Books - S

SAN FRANCISCO YEAR ZERO: Political Upheaval Punk Rock And A Third-Place Baseball Team - Lincoln A. Mitchell {302 pages, Rutgers University Press}
It’s hard to believe that just one period of 12 months can change a major city’s trajectory, mood and balance but 1978 was just one such year for the city of San Francisco. This book, written by a former New Yorker turned San Francisco local, reveals the uplifting positivity of sport, the forward-looking progressive politics which became damned by one of the city’s own, the cultural revolution of new music and the effect they all had on the residents of what was, and probably still is, America’s most liberated of cities.
The book kicks off on 31 December 1977 with the annual New Year’s Eve concert by what was the town’s favourite sons, the GRATEFUL DEAD. The cultural shift would be evident in two short weeks when the SEX PISTOLS, supported by locals AVENGERS and NUNS, implode on stage at the very same venue where the DEAD were seeing in 1978.
Early in ‘78, the city’s baseball team, The Giants, which had been perennial under-achievers it seems, provided the city with a new found energy as, for a short time, they were the best team in the country.
On the second Monday of 1978, the city’s new Board Of Supervisors was sworn-in by progressive Mayor, George Moscone. Among those supervisors was openly gay Harvey Milk, a Jewish New Yorker who had made San Fran home. Also on the Board was Right-leaning Conservative, Dan White.
Down in Guyana, Jim Jones, an American preacher, was building a jungle commune, which came to be known as Jonestown.
It is against the backdrop of these four pivotal events that Mitchell delivers this book. Obviously, the nature of San Fran and other aspects of the city feature, but ultimately it is about the politics, baseball and music of 1978 - a year that proved to be calamitous.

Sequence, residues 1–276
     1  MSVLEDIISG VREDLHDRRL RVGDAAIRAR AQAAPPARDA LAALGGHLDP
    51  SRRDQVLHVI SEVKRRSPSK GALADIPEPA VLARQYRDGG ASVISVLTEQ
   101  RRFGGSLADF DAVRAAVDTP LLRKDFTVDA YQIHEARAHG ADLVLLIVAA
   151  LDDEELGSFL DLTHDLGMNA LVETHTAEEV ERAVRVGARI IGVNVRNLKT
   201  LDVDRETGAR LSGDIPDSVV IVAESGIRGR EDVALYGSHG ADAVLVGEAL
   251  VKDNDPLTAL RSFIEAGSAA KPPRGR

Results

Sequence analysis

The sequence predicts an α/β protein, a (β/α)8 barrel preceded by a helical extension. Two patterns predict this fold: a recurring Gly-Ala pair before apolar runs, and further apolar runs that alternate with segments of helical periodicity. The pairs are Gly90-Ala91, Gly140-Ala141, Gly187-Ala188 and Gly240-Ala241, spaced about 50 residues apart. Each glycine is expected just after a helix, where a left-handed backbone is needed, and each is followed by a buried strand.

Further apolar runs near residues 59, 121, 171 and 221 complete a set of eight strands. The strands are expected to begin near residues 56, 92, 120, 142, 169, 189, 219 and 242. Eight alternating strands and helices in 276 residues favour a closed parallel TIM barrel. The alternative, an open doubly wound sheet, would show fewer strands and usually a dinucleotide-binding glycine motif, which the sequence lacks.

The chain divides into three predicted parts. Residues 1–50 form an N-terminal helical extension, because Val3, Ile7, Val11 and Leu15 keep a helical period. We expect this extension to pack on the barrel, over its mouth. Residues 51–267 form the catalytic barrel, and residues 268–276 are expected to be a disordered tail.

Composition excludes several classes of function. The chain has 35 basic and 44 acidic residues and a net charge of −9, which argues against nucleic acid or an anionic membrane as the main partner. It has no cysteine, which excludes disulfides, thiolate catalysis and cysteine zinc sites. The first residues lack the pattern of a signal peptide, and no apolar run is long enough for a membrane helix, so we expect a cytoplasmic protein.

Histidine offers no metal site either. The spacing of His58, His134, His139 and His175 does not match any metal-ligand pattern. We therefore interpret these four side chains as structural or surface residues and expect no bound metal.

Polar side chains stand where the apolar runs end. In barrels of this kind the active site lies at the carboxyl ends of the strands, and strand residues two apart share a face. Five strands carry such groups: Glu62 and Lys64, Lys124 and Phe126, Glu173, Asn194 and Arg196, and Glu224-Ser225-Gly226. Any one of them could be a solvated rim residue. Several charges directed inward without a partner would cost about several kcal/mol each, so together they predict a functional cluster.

From a Punk perspective, Mitchell only really skims the surface, taking in DEAD KENNEDYS, AVENGERS, CRIME and some notable faces of the era while venues On Broadway and Mabuhay Gardens also get featured. He scores some new and decent interviews, but of all the book’s subject matter, it’s Punk that features the least.
The baseball side of things really didn’t connect for me.  I don’t understand the game, but Mitchell’s narrative of events and the apparent atmosphere at Candlestick Park kept me reading. Unfortunately, the team’s momentum from the early season didn’t continue, but it was enough to keep the team in San Fran itself.
The book really does succeed on the politics. Mayor Moscone had a progressive vision, which included restrictions placed on the Police Department, was community driven over capitalist ideals and supported diversity. In this environ, Milk flourished. Come the end of November, both had been assassinated by Supervisor White.
Also in November, down in Guyana, Jim Jones murdered over 900 of his followers.
Mitchell gets a perfect balance between the optimism that existed at the start of the year, juxtaposed against the omnipotent darkness the city found itself in in November. He also manages to balance the aging Hippies and the young Punks along with the progressive vision of Mascone that was so cruelly snuffed out and the more moderate politics of his successor, Dianne Feinstein. He is acutely aware of the city’s history, its multiculturalism, its suburbs and its nature - and it’s this innate knowledge that lays the foundation for the whole book.
The book is filled out with 16 pages of photos.
While I was let down by the Punk aspect of the book (it’s probably sufficient in this context - I mean - he could hardly go to the depths of analysis as Gimme Something Better), as a whole it is an informative and, in parts revelatory telling of one of the great cities of the world. Mitchell writes with clarity, effortlessly switching between the main parts of the narrative while simultaneously bringing in other peripheral observations and facts. I am sure San Fransicans will reveal in this, while those who have never ventured to the city should find the events of 1978 captivating. (09.05.20)